Regulatory compliance also could become an issue, Mensik adds. "I don't need to know a whole lot of law to manage your network or fix your legacy system," he says. But for work like payroll management, benefits, or accounting for a public company, "then India is right smack dab in the middle of my Sarbanes-Oxley accountability."

Recent and pending changes could make this less of a threat. India's Parliament this month plans to amend a law on data protection to encompass computer networks and mobile devices, as well as data that lives on individual machines. And on Jan. 18, Nasscom launched a "national skills registry" database of IT pros in India that includes employees' professional and educational histories to reduce the cost of background checks.

Less under India's direct control is new tech competition from China, Russia, Eastern Europe, South Africa, Egypt, and others looking for a piece of the outsourcing action. Language skills give some of them an edge. India lacks large numbers of German, French, Spanish, and Japanese speakers, which makes Eastern Europe and China more attractive for certain customers.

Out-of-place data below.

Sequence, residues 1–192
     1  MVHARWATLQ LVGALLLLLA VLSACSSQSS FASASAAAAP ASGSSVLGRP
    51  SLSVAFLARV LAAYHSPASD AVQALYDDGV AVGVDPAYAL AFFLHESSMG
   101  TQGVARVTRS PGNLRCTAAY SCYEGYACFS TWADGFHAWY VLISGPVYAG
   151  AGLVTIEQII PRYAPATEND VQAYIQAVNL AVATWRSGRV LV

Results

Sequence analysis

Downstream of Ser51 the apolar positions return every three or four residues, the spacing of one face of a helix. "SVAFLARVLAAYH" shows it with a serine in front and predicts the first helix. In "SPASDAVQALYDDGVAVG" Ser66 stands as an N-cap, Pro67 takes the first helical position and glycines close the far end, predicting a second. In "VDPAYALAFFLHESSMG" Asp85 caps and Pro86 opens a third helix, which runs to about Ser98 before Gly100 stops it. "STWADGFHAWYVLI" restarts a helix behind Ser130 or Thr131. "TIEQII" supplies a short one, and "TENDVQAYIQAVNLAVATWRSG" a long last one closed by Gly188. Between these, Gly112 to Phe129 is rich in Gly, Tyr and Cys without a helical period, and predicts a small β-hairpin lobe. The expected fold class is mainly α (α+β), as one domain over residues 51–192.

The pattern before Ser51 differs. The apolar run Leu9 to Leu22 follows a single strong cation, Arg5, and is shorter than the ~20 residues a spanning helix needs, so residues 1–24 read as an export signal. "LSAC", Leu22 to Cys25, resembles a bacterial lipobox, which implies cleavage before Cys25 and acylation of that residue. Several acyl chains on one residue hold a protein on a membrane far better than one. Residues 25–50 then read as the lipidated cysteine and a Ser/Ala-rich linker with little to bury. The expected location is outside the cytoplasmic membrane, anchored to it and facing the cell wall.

When Ingram Micro outsourced customer service and order management functions to Infosys subsidiary Progeon last year, it moved back-office paperwork to Bangalore but phone support to an Infosys facility in the Philippines. Filipinos' better English skills were the deciding factor. "Indian outsourcers are trained with a global accent," which can sound "disjointed" to North American customers, Ingram Micro's Osentowski says. "It seems to be based more on the Queen's English."

Language parochialism is just one more reason for Indian IT companies to push for global growth. India's long-term success depends on its top tech players' willingness to move beyond what they already do well and take risks with new technologies and in other emerging countries, while building up shaky resources at home. If that approach succeeds, they could be partying at Davos for a long time to come.

Source: InformationWeek - GAI